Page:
In the 1970s, before STAR WARS, my childhood fantasy sci-fi favorite was Planet of the Apes. Like STAR WARS, there were about five movies in the series, but I only remember the story lines of the first two. Three guys travel through time in a space ship, supposedly light years away. They land on a planet that is actually California, ironically (can tell from the landscape, and hey, movies were once made in California). It is several centuries into the future as it turns out, and on the Planet of the Apes, the apes talked (in English of course) and evolved from the mute man, which as it turns out, wiped out the planet with a nuclear war all those centuries ago.
In the second movie, Beneath the Planet of the Apes, much of the action occurs below ground, supposedly in the New York subway system where superhuman talking humans, I guess, live. Who knows what they ate or where the power to light their tunnels and wash their robes came from. But the part that cracked me up was their worship of a nuclear bomb – in shiny gold casing of course. “Glory be to the bomb and its holy fallout. As it was in the beginning, is now and ever shall be; world without end; Amen.”
The cliché, one size does not fit all, applies to nothing more than energy efficient solutions for end users of all types; residential through large industrial. But yet it seems some technologies reach bomb-like status, and if you point out any shortcomings, blasphemy! You heretic! Cool and logical heads do not prevail, which is the whole point of the Planet of the Apes series. First, the human species goes off the deep end and destroys itself, and then they evolve to worship the tool of destruction.
READ THIS: supporting certain energy efficiency, fuel, and generation is not in any way close to the craze of worshiping a high caliber bullet that is dressed up to look like a bomb.
Several years ago, Michaels was awarded a broad sweeping study for the cost effectiveness of ground source heat pumps for the state of Minnesota. This mandate actually came down through the legislature. We completed our study, and our analysis showed the bomb, er excuse me, the heat pumps were not the most cost effective solution for all applications; particularly for stand-alone homes when compared to conventional natural gas heating and air source cooling. The study is available here.
The folks we were working with from the state approved it and agreed with the findings prior to its release. Some in the “special interest” heat pump industry that supported the state funding of the study kind of came unhinged when they found our results. As I say often, “Sorry, they don’t make the meter spin in reverse.”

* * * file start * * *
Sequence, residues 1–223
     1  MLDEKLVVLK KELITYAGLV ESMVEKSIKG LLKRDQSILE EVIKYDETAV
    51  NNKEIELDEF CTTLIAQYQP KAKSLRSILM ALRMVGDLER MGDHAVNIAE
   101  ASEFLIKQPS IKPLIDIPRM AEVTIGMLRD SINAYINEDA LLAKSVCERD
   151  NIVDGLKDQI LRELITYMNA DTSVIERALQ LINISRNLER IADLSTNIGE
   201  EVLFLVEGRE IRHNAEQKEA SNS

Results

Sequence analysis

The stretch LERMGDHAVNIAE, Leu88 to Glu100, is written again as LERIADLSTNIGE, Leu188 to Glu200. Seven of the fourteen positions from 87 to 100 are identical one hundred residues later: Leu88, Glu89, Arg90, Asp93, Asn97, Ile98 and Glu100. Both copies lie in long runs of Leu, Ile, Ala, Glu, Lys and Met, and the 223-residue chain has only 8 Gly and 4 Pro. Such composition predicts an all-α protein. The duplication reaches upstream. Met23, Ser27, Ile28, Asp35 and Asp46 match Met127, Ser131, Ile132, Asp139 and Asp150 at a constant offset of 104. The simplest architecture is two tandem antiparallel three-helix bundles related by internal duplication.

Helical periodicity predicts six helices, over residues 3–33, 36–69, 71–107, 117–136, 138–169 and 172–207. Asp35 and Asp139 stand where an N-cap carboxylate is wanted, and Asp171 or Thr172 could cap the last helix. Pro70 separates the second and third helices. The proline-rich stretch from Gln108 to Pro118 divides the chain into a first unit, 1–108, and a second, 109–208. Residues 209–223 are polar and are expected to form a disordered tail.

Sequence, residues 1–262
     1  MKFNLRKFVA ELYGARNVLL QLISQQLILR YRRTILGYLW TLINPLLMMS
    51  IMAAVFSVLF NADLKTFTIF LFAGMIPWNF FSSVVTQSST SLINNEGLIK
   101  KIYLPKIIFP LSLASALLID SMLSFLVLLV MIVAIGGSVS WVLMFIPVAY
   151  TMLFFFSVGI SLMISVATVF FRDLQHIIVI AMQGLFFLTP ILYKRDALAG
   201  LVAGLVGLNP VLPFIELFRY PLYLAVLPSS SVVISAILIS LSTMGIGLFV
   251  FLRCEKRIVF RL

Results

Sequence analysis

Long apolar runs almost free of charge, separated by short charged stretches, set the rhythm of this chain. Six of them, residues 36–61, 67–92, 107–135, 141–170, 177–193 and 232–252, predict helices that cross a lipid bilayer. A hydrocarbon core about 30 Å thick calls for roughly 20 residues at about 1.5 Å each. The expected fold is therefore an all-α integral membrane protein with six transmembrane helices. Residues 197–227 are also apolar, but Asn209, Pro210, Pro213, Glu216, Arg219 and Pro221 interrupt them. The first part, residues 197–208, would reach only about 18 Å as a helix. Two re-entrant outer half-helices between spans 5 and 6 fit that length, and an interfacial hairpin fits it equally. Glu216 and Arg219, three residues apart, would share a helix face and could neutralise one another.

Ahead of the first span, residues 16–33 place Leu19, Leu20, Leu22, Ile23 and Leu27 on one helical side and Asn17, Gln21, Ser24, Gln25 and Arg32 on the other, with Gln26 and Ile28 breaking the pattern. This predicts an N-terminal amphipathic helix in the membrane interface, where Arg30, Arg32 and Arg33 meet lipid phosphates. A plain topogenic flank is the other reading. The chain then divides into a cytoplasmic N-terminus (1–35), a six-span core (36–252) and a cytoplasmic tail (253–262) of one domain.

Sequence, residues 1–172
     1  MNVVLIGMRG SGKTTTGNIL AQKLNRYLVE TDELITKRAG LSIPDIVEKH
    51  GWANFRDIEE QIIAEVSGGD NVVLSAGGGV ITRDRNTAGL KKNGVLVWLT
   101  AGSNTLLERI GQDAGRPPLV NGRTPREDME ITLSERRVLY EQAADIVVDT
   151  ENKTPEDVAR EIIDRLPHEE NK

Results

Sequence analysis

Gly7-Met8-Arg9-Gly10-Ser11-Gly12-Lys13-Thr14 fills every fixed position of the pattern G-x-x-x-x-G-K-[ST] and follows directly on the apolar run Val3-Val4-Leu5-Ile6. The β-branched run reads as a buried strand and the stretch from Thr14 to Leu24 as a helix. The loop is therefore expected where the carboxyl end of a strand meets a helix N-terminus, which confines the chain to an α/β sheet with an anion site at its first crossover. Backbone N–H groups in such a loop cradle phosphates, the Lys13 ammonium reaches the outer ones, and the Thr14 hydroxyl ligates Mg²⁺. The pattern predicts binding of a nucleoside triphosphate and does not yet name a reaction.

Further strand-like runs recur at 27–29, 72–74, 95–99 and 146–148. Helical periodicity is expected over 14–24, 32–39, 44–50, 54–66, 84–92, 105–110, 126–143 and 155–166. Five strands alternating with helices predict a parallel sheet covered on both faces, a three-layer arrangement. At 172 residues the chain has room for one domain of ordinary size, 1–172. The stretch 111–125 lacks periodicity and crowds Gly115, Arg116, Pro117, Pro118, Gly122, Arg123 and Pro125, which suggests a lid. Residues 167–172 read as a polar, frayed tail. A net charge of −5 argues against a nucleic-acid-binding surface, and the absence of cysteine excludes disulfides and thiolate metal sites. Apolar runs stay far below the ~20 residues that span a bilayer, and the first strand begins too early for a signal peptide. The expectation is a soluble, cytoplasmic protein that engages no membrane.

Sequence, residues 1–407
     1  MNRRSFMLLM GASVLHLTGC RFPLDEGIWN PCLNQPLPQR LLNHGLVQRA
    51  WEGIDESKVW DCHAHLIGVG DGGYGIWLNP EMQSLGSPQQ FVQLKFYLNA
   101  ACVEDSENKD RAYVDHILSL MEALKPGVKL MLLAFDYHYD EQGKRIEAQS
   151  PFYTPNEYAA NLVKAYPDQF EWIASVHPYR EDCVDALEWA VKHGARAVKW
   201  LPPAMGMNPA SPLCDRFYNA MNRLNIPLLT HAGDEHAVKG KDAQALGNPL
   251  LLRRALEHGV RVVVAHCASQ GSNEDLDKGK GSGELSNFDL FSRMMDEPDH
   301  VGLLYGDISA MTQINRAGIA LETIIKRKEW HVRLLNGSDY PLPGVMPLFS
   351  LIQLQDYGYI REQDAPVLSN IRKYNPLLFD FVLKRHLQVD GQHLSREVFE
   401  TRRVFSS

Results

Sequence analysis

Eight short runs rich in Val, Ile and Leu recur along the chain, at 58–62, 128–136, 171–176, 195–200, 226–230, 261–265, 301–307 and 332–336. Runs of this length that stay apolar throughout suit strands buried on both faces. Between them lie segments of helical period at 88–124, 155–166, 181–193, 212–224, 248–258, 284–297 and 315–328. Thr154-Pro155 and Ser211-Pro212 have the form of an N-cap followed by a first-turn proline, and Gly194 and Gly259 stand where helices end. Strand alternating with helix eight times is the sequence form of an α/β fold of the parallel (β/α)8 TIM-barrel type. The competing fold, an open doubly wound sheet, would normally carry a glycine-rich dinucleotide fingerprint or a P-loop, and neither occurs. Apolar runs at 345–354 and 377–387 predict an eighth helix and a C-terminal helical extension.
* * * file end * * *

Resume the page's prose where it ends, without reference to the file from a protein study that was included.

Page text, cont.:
Any energy engineer worth anything can and should do a “bracketing calculation” to determine if the savings estimates from a sophisticated building simulation, which the results were based on, make sense.
To wit, the cost of providing a million Btu of heat with a ground source heat pump with a COP of 5.0 (that’s like a SEER of about 20) is shown in Figure 1. The COP is the third term showing 5 Btu of thermal energy (heat) delivered for each Btu of electric energy.
For natural gas, the cost to deliver one million Btu of heat is shown in Figure 2 above.
This demonstrates that heat pumps indeed cost less in terms of energy operating cost. And if electricity is produced with natural gas, they even produce less carbon dioxide to heat homes.
The problem for the bomb, er heat pumps, is they are very expensive compared to a gas furnace – in the $12,000 extra range. The Achilles heel of ground source heat pumps is the holes in the ground, which aren’t going to get cheaper from technology that I know of. It’s a primitive, labor-intensive process. We’re not digging for natural gas and oil. We’re digging for heat transfer only.
If I take typical numbers for an upper Midwest home, say 1500 therm per year to heat with a furnace, the savings come to about $700 per year. That is significant. But I can see by doing the math in my head, that is a 20 year simple payback. This is not cost effective compared to something like making a larger down-payment on the purchase of a home or car; i.e., the cost of money.
Our study did show heat pumps to be more cost effective than large central systems for some commercial buildings. Energy-wise, they are great, but they (it’s difficult to resist) are no silver and gold bullet. Ironically, I’ve said for years, that ground source heat pumps have cult-like status in some jurisdictions.
Certainly, there are other bomb-like idols in the world of energy efficiency and renewable energy. I’ll write about more of them down the road.
 They had action figure toys, villages, and the whole nine yards.